- silly thought maybe, but I couldn't resist.

Why is a sunrise such a beautiful event?
Why are crashing waves on a rocky beach such a powerful experience?
Why are the narrow winding streets of old Prague beautiful?
Why are stained glass windows in a cathedral such beautiful objects?
Why are the junky shopping carts at your local walmart not beautiful?
Why are the modern fringe suburbs with roof after roof after roof, extending to the horizon in severe lines, not beautiful?
Why is a mountain side that has been completely forested, bald with only the remaining tree stumps less beautiful than a growing, fully lush mountain side?

I think we can all pretty much agree on these things.
Which is beautiful, which is not?

Maybe this points to a common, not individually unique (subjective), recognition of beauty.
{if I'm making two separate arguments here sorry}
If beauty has no objectivity to it, can anyone have any real sense of a conversation about any piece of artwork or human creation since the beginning of time?

Christopher Alexander has introduced a scientific theory that is summed up, rather crudely, by the following:
>True beauty is recognized when life or spirit exists within something. (this spirit makes a connection with us.)
>Life/spirit is brought about by increasing wholeness
>Wholeness is powered by the unfolding centers that strenghten and improve the whole.

this applies to paintings, this applies to tall tales, this aplies to short stories, this applies to songs, this applies to faces, this applies to stained glass windows, this applies to market streets, this applies to cottages, this applies to an embryo
This applies to relationships at all levels.

Posted by: Chris D. on December 2, 2003 09:44 PM

I am actually not upset. I think there is a lot of misplaced and silly breathiness in this post. But if turns you guys on, hey, go for it...

Posted by: annette on December 3, 2003 11:34 AM

""Beauty" is such a subjective quality, though, don't you think? I find it in the strangest places sometimes -- abandoned factories, trash heaps, oil refineries ... "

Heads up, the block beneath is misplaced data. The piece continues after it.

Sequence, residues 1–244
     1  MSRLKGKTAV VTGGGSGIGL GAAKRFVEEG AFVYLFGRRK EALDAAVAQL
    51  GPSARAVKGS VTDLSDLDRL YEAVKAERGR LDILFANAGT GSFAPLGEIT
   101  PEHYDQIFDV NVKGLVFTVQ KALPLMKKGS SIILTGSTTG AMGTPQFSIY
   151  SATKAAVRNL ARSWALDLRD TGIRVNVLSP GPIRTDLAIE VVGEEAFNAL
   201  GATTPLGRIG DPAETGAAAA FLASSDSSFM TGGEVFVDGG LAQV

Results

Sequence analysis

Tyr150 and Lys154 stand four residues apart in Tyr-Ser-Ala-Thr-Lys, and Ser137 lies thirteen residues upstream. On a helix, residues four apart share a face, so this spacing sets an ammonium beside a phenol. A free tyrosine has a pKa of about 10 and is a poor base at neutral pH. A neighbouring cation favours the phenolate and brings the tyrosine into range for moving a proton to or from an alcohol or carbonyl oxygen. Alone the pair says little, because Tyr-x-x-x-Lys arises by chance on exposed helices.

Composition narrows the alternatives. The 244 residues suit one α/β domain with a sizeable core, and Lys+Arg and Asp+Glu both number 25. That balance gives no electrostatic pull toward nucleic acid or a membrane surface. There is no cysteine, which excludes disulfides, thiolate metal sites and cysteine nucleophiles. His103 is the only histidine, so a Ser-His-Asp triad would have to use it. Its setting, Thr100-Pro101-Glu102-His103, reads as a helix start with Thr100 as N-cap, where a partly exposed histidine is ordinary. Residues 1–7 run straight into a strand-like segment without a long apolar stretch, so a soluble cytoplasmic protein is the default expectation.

Sounds like the Ricky Fitz (??) character in "American Beauty" looking at that grocery bag...

I've always had a weird attraction to power lines myself. Rigid geometric lines cut through nature above winding dirt tracks, all those crosses linked together in some kind of misplaced religious symbolism. Dunno why, but I used to use up rolls of film on them. A subjective taste in this case, I'm sure.

Posted by: Nate on December 3, 2003 01:49 PM

Seems to me that we've got two separate "beauty" discussions going -- with this lively crowd it's always too much rather than too little.

1) How objective/subjective is beauty? Endlessly debatable, of course, though the evo-bio crowd (and others) are turning up evidence that beauty does have certain general if not defining characteristics.

2) And what I for one take to be part of Maureen's subject, which is what the experience of beauty is like, how important it can be, what it can come to mean to a person.

I'm sort of into topic #2 myself. Anyone else? It draws together ideas about art, beauty, experience, sex, rapture, the spirit world -- beauty perhaps as an experience of the indefinable Spirit shining, and making its presence known, through the material realm. (And also how, perhaps, ways of being open and of looking can bring us news of the Spirit provided only that we're open to the possibility.) Which is why Maureen's art project seems promising -- she sees the light in these otherwise dead eyes, and hopes to get us to see it too.

Also, let's face it: she's talking as well about a culture and a kind of life that recognizes, values and discusses these sorts of experiences as central to existence. Beauty not as a commodity but as a life-enhancing, life-transforming, religio-erotic thing, the experience of which ... Well, is certainly a groovy thing, no?

But Maureen may well step in here and tell me I'm all wet...

Posted by: Michael Blowhard on December 3, 2003 02:04 PM

Thanks. Cathedral has dogged me since 1994 when my English teacher read it on the first day of class. We were instructed to hold hands, close our eyes, and answer questions as he randomly called on people. I was sitting next to the homecoming queen and sweat great quantities into her palm. The subtle beauty conveyed in the story was lost on me due to a more tangible beauty on my right.